At the Australian Red Cross, we have gone through a period of significant change. We have moved to a client-centric fundraising approach, we have developed a storytelling approach for marketing, and we have undergone operational changes in our first aid and retail operations.

We have an agile approach to work in place – across the entire engagement and support team, supporting our customer service team to deliver an exceptional experience. We have a partnership team that seeks to engage with business and governments to support the work in progress, and a team of volunteer data scientists who keep us working smarter.

The range of skills required to achieve all of our results is vast. We work to help the organization achieve its goal – to support and empower vulnerable people and communities by harnessing the power of humanity.

What are your management methods?

I believe in feedback, I have an open door policy, I encourage people to voice their opinions and I hold them accountable for the quality of the work provided. By joining the Red Cross, I understood that change was necessary, but I also recognized that I had to earn my stripes.

I spent time with the team, held workshops, used GROW coaching, covered difficult conversation skills, and encouraged open learning of leadership models for everyone. I demonstrated that I did not know everything, that I was learning continuously and that they could take this opportunity to learn with me.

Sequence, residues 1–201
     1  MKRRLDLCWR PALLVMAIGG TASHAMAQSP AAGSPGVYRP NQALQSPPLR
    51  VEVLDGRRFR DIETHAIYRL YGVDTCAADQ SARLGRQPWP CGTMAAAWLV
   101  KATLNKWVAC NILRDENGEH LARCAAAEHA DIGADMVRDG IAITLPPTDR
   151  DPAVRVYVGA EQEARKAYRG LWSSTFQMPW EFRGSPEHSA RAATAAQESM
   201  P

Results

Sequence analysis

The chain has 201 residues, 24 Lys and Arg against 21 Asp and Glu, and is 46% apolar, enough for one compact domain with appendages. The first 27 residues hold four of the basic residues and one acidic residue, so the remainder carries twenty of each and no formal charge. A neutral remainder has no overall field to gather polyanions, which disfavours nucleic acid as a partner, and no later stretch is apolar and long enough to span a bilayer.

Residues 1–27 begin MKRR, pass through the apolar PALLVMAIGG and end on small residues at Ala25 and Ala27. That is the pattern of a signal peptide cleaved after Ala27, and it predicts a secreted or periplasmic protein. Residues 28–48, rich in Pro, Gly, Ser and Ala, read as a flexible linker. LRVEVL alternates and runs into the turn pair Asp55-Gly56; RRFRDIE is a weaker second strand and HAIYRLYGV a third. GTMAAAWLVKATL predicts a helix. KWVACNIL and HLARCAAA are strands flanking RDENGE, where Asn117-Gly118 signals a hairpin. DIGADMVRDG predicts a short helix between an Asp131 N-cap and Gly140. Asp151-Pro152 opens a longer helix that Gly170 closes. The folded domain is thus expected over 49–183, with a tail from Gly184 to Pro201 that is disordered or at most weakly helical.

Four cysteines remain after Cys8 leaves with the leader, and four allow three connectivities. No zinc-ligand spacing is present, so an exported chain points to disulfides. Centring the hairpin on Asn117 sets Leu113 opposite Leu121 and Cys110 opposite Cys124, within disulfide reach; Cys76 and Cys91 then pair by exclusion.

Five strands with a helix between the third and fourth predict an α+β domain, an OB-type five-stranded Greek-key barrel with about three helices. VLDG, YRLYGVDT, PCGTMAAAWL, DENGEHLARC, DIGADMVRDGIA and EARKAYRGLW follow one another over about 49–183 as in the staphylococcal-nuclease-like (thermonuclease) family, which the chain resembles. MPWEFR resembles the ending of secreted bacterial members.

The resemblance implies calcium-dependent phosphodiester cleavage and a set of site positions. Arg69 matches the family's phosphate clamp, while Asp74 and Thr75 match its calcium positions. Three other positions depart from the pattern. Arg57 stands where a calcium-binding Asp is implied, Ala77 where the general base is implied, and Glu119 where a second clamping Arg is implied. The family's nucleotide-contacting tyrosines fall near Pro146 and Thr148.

About six months into my role, I asked my team for feedback on a meeting – everything was positive, but I wasn’t looking for that. I rephrased my question and asked, “What could I have done better?” As the team started to feel comfortable giving me feedback, we created a culture of feedback and used it to improve leadership for the entire organization.

Finally, are there any specific activities or campaigns that you would like to highlight?

I want to thank our generous donors and supporters – it is thanks to you that this is all happening. If the people reading this want to donate, it’s easy and your money will make a difference.

Cincom presents this series of articles.

Cincom is a global organization dedicated to creating software solutions that help businesses succeed. With their innovative software and focus on relationship building, they pride themselves on enhancing your brand, enabling you to deliver a better experience to your potential customers and partners.

A key characteristic of leadership is effective communication, and Cincom’s customer communication management (CCM) solution, Eloquence, has helped many organizations achieve better customer experiences through better communications.